By most measures, 2017 was a seminal year for the grocery industry—a sonic boom blasted through it when Amazon announced plans to acquire Whole Foods. All the little tremors from alternative food vehicles/delivery formats, consumer direct meal services to gas station sushi were just blazing the trail. When you step back and consider this shift away from traditional grocery retailing, it’s not so surprising. In fact, it follows the habits of younger generations (Millennials/Gen Z) who are not only digitally dependent, but who view food and cooking in a different manner than their predecessors.
As a result, the recent USDA Economic Research Service report on the food buying habits of American consumers and what that may mean for future food demand shouldn’t be surprising. Basically, it reinforces what one might already suspect—younger consumers make fewer trips to buy groceries and eat out more than older generations.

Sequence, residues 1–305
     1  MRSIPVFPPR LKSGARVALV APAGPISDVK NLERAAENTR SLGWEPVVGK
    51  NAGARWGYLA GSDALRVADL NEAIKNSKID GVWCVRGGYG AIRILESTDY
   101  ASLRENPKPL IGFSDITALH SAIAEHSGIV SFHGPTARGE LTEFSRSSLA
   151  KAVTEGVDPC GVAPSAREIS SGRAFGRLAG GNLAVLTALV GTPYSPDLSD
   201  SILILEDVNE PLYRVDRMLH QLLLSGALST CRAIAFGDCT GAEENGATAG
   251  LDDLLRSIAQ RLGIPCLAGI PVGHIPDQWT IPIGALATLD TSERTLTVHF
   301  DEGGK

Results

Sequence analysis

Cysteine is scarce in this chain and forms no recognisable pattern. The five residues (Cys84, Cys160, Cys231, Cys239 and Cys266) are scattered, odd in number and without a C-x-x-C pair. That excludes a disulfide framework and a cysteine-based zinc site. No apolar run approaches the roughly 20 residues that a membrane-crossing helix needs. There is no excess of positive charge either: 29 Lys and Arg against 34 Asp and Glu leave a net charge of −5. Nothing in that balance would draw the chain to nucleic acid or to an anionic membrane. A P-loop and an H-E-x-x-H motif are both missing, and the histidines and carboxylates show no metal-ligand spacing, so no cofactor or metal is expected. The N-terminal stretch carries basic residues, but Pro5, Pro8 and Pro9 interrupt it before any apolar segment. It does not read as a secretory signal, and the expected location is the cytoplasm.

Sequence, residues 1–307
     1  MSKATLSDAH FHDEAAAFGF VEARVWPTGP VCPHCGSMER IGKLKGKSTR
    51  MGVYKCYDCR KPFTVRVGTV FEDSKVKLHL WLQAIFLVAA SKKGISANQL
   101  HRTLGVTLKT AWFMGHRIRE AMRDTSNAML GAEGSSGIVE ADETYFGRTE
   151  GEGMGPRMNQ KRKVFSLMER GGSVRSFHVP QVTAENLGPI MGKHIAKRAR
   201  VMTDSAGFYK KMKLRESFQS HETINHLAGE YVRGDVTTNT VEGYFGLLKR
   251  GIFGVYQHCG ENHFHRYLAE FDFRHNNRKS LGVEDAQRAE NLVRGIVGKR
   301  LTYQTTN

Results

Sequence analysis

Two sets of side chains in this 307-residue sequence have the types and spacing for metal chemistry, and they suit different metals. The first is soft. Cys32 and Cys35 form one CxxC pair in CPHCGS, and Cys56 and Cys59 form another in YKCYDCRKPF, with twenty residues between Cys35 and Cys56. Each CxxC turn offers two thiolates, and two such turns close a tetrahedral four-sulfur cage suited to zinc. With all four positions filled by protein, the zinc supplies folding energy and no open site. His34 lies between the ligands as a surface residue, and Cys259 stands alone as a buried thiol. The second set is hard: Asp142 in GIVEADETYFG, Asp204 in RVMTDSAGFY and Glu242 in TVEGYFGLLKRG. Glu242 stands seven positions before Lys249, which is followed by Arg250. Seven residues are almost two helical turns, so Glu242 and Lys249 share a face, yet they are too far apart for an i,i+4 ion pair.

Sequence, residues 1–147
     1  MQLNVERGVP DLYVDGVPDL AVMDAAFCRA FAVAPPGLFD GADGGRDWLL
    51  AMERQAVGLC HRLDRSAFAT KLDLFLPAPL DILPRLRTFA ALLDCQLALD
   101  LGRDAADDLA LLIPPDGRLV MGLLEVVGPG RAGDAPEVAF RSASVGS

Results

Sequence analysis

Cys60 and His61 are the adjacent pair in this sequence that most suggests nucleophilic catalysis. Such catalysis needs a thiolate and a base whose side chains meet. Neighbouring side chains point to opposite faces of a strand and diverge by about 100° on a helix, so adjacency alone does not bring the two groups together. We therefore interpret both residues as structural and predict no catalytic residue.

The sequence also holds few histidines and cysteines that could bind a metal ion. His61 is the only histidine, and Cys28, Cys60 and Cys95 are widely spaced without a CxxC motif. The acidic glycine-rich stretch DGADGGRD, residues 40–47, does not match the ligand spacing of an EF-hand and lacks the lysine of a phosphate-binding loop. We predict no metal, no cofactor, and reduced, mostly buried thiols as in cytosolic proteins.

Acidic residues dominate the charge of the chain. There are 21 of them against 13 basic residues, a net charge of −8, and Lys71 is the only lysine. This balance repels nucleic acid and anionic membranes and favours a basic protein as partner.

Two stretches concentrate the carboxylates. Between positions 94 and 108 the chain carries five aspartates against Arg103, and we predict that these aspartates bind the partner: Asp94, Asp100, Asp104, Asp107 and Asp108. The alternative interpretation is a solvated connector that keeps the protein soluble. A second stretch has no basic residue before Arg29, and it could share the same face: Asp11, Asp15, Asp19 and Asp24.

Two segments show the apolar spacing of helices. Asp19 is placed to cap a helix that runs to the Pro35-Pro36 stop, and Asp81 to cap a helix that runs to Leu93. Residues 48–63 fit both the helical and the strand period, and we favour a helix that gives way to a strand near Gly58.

Here are a few other insights to chew on:
• Millennials dine out about 30 percent more often than other generations.
• Across the board, higher income households buy more from the perimeter of the store—basic ingredients, fruit and veggies, and fewer processed foods.
• Of all the age groups examined, Millennials spend the least on grains, white meat and red meat, while spending more on prepared foods, pasta and sugar/sweets.
• When examining income levels, there was some evidence Millennials seem to like fruit and veggies more than older generations.
• While all generations spend about the same amount of time daily on secondary snacking, Millennials spend the least time on primary eating and drinking.
• Millennials also spend less time on food preparation, presentation and cleanup.
All this is food for thought for future product development…time-saving, plant-forward with a hint of sweetness from fruit.
For more details on the research, sample and findings, read the Entire Report